Memoir? Fiction? Fictional memoir? Real events, tweaked and compressed? Easier said than done, especially since it’s all fogged by time, booze, and selective remembering. Also, I have only the loosest grasp of English grammar. There was the escape to the West, meeting the duplicitous hippy chick Lucille and six-fingered Matias. The Rocky Mountain Mafia, of course. Which led to The Incident. Then, the hideout in the mountains and a final showdown at 11,000 feet. And, the aftermath (epilogue?). But, I suppose this IS the aftermath and that’s enough to explain why I need to write it all down. Damn that Shaboo! Damn him and bless him. I’ve been treading water for too long. Can this project bring me back to life?
Here goes nothing.
I guess it really started with delivering pizza in the mid-1990s New England on the campus of my state university. If you have a car at college, then delivering pizza is a great way to make money quick. Cash money! Great for a certain lifestyle. You can’t buy pot with a credit card (actually, you can now, but that’s a different story). So I had a one-hitter in the ashtray and a vodka bottle in the door holder and it worked pretty good, the drinking and delivering. Until it didn’t work and I got pulled over in front of a crowd of people waiting to see the Red Hot Chili Peppers at the campus stadium. The cops’ favorite: tail light out. With a crowd chanting “DUI! DUI! DUI!”, I was asked to step out of the car. When the pint vodka bottle, blue label 100 proof Smirnoff, fell from the door compartment and went skittering into the street, the crowd cheered and the roadside sobriety test was kind of moot. The chants of “DUI! DUI!” were renewed with a fervor of spectacle and satisfaction and I raised my arms in triumph, basking in my defeat. I had never received so much attention before. The cop said, “Put your arms down, asshole.”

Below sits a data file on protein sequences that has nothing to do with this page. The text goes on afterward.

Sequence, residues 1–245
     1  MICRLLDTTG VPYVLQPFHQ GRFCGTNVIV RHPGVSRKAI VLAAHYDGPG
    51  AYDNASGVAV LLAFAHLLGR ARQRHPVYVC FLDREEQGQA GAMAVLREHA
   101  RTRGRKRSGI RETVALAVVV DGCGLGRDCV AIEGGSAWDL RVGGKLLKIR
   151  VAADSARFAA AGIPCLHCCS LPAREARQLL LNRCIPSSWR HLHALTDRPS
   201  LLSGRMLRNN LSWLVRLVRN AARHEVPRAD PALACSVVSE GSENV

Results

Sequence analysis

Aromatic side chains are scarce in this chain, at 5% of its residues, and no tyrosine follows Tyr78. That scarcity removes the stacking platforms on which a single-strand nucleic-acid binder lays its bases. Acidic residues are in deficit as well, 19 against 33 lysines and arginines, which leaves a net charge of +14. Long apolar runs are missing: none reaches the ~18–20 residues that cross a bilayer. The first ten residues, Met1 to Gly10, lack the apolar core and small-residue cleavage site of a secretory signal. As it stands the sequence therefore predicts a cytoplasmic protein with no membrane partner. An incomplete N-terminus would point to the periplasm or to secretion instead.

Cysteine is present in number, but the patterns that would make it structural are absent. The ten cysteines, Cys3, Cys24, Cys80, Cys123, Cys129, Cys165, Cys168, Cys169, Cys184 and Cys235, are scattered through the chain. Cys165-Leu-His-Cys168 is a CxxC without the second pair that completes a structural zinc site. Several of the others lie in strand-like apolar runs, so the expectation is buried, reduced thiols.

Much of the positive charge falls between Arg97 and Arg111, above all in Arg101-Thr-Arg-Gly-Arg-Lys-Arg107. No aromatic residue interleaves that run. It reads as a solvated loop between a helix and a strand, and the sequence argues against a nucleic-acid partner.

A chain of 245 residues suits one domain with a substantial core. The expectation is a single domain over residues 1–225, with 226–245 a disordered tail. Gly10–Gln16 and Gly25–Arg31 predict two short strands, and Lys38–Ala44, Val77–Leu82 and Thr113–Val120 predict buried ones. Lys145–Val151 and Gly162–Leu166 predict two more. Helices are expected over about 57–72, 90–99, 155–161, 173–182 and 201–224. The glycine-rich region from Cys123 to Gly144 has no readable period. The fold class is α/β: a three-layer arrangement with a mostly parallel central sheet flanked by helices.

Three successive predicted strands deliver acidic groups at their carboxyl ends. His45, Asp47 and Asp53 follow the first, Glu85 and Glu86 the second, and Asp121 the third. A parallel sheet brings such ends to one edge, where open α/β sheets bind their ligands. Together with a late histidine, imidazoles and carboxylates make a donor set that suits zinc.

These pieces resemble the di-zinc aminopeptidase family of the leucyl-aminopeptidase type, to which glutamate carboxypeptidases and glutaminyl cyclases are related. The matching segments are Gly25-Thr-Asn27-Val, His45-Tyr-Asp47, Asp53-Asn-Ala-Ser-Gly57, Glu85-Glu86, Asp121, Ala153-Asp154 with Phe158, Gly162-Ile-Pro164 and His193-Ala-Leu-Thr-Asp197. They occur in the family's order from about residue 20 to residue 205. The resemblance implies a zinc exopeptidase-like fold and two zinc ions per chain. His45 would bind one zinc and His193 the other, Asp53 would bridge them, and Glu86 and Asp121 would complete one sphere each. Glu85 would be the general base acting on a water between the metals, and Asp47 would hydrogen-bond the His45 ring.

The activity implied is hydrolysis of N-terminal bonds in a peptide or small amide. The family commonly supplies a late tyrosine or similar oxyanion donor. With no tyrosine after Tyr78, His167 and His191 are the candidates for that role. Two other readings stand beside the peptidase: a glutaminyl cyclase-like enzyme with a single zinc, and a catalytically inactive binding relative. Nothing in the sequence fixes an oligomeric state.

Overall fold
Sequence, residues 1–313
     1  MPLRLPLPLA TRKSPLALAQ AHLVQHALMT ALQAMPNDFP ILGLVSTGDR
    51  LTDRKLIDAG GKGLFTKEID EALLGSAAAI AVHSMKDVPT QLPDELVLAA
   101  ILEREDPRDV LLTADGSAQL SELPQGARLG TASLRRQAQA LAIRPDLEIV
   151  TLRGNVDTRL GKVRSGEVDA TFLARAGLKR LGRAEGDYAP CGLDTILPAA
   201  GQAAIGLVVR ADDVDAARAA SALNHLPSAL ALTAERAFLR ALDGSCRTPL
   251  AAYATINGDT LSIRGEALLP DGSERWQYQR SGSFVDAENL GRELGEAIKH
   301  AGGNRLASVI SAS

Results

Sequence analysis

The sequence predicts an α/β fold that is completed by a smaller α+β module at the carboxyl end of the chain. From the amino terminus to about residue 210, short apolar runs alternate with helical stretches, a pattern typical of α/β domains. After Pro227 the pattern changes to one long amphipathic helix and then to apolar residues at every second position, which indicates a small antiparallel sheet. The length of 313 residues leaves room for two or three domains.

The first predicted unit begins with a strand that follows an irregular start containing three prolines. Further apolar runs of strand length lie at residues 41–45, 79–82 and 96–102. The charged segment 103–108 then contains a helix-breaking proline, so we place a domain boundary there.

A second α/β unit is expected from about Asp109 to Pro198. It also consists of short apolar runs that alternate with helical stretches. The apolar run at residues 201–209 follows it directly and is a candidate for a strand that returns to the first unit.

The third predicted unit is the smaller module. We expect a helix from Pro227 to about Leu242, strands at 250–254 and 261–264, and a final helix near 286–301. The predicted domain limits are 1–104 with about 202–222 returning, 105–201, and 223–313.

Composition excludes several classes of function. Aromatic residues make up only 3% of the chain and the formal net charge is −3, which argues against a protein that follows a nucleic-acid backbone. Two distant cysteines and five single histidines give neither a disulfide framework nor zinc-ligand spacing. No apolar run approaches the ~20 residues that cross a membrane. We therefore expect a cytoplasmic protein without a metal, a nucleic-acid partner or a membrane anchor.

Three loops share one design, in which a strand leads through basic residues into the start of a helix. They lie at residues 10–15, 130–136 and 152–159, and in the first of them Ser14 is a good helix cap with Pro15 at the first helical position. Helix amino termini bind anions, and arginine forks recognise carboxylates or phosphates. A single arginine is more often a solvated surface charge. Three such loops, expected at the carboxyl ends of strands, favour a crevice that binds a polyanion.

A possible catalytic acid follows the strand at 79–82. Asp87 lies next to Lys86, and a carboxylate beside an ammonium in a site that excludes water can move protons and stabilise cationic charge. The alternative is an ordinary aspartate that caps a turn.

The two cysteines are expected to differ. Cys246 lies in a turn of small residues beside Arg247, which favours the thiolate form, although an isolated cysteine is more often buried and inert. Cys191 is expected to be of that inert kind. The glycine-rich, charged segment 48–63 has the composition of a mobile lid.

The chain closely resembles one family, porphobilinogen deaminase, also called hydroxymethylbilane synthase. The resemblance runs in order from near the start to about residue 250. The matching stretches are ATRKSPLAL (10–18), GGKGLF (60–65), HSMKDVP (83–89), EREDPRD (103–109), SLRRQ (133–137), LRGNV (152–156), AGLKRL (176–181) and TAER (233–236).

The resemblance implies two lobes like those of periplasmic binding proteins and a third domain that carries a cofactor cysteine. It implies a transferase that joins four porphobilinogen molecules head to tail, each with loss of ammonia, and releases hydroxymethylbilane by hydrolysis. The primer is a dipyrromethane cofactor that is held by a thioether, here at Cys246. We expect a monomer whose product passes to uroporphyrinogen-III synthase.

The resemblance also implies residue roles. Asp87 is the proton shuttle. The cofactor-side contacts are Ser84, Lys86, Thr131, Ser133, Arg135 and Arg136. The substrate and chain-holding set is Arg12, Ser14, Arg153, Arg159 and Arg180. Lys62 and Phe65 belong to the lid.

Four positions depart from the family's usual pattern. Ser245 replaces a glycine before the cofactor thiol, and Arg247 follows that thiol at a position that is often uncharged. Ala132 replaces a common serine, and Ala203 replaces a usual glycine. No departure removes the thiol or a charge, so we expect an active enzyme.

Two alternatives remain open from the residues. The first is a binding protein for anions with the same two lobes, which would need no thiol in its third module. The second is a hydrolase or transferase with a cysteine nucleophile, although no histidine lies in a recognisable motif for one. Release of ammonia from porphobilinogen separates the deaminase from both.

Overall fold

I’d like to say what I did next was ballsy or righteous or filled with the spirit of freedom. But, there was no thought whatsoever. I just made a run for it. I ran away from the crowd, across the street, and into the maze of buildings in the center of campus. The crowd roared and, once away from the cop car and street lights and stadium lights and people, it was very dark and quiet and it felt good and I was running very fast. The cops had my car and my weed but I was running and it felt really fucking good and right.
I ran all the way to the Rockies.